Protesters confronting the cops

Protest Against Power Tariff Hike Intensifies, Activists Continue Hunger Strike in Jail

Protestors gathered at Subodh Mullick Square in Kolkata on 8th of September, retaliating to the unjust incarceration of eight activists who have been on an indefinite hunger strike since 5th September against the recent power tariff hikes imposed by CESC and WBSEDCL.

Three days before the police attack, a large group of protestors under the banner ‘Bidyut Mashul Bridhdhi Birodhi Gono Andolan’ (People’s Movement Against Power Tariff Hike) started a hunger strike in front of Victoria House, the CESC headquarters in Central Kolkata. The following day, the police attacked the fasting protestors and eight of them were arrested. When these activists were produced in front of the Bankshal Court, they refused to be released on bail, choosing instead to continue their hunger strike in prison until all demands are met.

The activists after they were arrested

“CESC caters to 29 lakh consumers. The state owned WBSEDCL supplies power to nearly 1.5 crore consumers across the state. We note with grave concern that despite this decision adversely affecting such a large number of people in the state, the state government, opposition parties and the mainstream media are maintaining silence over the issue. We, as citizens of West Bengal, feel that this power tariff hike is unjustified and is being imposed in an undemocratic manner. Such a move needs to be unitedly opposed.” a statement by People’s Movement Against Power Tariff Hike said.

A report published by the Central Electricity Authority for 2013-14 showed that CESC and WBSEDCL charges the highest rates among all the power distribution companies of the country (541 and 495 paisa per unit respectively for 100 units of monthly consumption from urban domestic consumers in 2013-14).

CESC (Calcutta Electricity Supply Company), the sole power distribution company in Kolkata, Howrah and adjoining areas, merged with the RPG Enterprises owned Spencer’s Retail in 2007, giving the Goenkas 55% of its equity share. At the time the merger was planned “to leverage the balance sheet of the the power utility (CESC) to fund the expansion plan” for Spencer’s Retail outlets across the country.

Sanjiv Goenka at A Spencers Retail opening
Sanjiv Goenka at A Spencers Retail opening

Spencer’s officials were expecting to post profit from the third quarter of 2013-14. However, the subsidiary of CESC Ltd has reported a net loss of Rs.114 crore for the 2014-15 fiscal year. The company had reported a net loss of Rs.111 crore during the previous financial year. In December 2014, the group’s Sector Head – Retail, Shashwat Goenka announced a demerger. In a press conference he said, “The demerger issue will be taken forward after we register profit.” Asked when the retail chain was expected to post break-even, Goenka said, “Very soon,” without giving any timeline and adding that “targets are internal.”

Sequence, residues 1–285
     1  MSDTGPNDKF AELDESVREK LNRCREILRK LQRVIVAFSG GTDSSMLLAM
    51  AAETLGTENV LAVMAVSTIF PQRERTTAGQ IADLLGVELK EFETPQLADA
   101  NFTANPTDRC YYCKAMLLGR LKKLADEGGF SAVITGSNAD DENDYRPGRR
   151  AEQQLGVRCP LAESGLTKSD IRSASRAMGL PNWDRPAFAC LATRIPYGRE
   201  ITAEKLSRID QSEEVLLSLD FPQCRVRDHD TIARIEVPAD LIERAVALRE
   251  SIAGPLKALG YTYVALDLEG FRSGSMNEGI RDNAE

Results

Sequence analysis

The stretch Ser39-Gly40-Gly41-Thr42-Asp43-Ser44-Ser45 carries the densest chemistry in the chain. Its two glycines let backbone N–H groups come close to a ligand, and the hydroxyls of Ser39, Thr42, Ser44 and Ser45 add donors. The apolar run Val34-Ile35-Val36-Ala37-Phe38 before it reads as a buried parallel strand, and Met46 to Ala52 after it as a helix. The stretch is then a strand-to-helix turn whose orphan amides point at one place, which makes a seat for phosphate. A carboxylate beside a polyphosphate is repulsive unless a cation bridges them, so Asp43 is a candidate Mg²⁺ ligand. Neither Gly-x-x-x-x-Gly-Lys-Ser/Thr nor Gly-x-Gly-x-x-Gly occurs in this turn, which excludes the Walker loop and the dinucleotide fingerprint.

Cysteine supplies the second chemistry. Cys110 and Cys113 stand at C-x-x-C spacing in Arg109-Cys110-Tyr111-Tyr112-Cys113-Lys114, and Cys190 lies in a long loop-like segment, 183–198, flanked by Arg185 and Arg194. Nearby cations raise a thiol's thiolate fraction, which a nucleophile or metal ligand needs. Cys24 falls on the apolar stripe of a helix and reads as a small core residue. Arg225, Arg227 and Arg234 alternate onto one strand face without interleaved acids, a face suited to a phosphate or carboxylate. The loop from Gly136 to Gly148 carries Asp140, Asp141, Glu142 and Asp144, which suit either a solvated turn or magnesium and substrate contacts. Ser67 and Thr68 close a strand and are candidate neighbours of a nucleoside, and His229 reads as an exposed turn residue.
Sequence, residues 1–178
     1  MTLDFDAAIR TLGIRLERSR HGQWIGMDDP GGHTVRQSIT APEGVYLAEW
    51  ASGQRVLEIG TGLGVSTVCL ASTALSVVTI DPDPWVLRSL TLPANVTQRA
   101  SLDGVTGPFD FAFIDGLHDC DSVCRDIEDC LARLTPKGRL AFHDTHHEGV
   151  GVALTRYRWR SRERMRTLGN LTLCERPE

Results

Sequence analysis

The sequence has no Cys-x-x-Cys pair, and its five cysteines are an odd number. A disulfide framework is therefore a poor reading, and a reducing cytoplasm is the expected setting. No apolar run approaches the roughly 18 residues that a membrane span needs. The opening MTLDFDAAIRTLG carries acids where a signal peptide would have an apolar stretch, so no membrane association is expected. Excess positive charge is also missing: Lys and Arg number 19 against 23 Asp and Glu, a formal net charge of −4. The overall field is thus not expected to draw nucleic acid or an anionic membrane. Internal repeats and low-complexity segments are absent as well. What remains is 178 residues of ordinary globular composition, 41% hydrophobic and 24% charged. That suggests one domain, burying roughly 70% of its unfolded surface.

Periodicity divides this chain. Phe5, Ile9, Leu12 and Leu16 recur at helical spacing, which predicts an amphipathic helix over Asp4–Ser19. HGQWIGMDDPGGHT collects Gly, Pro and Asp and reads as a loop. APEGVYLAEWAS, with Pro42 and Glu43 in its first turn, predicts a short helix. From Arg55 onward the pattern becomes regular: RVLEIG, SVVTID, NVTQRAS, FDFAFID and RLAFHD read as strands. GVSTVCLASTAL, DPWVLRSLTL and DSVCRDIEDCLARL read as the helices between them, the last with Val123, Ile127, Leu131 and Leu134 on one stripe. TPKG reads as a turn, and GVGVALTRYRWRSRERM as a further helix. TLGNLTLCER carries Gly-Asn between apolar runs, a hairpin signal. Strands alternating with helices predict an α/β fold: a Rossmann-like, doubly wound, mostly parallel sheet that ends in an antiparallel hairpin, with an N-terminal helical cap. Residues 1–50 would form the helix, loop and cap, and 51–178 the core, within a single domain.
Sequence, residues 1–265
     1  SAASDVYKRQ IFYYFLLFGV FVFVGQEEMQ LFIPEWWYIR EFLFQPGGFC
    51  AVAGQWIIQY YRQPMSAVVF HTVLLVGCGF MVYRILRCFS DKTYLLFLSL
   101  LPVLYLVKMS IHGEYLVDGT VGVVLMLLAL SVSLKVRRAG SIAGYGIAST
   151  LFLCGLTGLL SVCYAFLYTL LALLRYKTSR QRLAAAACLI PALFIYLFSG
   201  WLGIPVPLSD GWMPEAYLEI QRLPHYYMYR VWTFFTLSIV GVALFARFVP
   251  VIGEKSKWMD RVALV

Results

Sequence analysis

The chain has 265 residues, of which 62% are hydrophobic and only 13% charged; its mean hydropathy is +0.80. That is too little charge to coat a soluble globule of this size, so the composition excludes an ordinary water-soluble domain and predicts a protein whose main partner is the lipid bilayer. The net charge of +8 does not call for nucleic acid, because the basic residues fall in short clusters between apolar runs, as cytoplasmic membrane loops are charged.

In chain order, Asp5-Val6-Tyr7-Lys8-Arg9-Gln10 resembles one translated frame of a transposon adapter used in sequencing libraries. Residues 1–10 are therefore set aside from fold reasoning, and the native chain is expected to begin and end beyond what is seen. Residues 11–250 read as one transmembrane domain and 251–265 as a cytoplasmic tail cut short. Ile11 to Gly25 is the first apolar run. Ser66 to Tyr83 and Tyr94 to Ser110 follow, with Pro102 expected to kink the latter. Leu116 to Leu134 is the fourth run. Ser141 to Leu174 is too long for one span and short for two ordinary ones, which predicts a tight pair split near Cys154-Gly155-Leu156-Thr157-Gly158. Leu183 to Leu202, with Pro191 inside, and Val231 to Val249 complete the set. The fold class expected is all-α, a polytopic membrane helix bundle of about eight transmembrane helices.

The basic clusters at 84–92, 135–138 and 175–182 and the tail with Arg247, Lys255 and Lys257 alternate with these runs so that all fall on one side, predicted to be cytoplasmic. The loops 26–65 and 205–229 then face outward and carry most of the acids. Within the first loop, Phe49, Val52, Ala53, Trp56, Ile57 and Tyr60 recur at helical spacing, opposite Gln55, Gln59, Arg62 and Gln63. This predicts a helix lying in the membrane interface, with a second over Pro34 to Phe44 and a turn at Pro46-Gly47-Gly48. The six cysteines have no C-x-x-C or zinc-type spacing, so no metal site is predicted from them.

“The money trail makes it obvious who these hikes are meant to benefit.” said a student protestor. She added, “It is outrageous that in the world’s largest democracy the common people are still expected to bail out large corporations while the government and its pet police force are working against the very people who elected them to power.”

In a statement issued recently, the agitating group said, “85% of the total net profits of the RP – Sanjiv Goenka Group of companies comprise of CESC’s profits alone. Because of the certainty of cost recovery from consumers, and the rubber-stamp status of the WBERC, the CESC has not been exercising due diligence to ensure managerial and operative efficiency. In order to address the problem of high power tariff in the long term, it is necessary to break the monopoly of the CESC in Kolkata and adjoining areas.”

Protesters during a march in May
Protesters during a march in May

The statement accuses the WBERC  (West Bengal Electricity Regulation Comission) of being completely ineffective as currently two posts of the three stipulated full time members of the Commission, including that of the Chairperson, are lying vacant. Tariff orders for CESC and WBSEDCL are signed by a lone member of the WBERC and there are no representatives of consumers. Neither are public hearings held to discuss tariff determination and other issues related to power supply.

The Left Front chairperson Biman Bose has since supported the movement, saying the CESC had raised power charges by 61 per cent every 100 units from April 2011 to April 2015. Not surprisingly of course, he chose to attack the ruling party rather than the company, saying, “While the profits of CESC has increased in leaps and bounds, people of Kolkata have been left to suffer. Chief Minister Mamata Banerjee and the state power minister (Manish Gupta) have claimed that Bengal has electricity in abundance. But there has been no enhancement in the production capacity.”

The tremendous hike in the power tariff led to the mass movement earlier this May under the banner “Bidyut Mashul Bridhdhi Birodhi Gono Andolan” (People’s Movement Against Power Tariff Hike) . Their demands include:

  1. Withdrawal of the latest hike in power tariffs,
  2. Re-initiation of the process of Tariff Determination by WBERC and reduction of Power Tariffs in Kolkata and West Bengal.
  3. Restructuring of the WBERC and making the participation of consumer representatives and public hearings mandatory in decisions on tariff revisions.
  4. Breaking the monopoly of the CESC in power distribution to Kolkata, Howrah and adjoining areas.
  5. Making pro-people amendments to the Electricity Act 2003 to strengthen the ERCs, make them transparent and accountable; Withdrawal of the anti-people Electricity Amendment Bill 2014 which paves the way for more privatisation.

 

 

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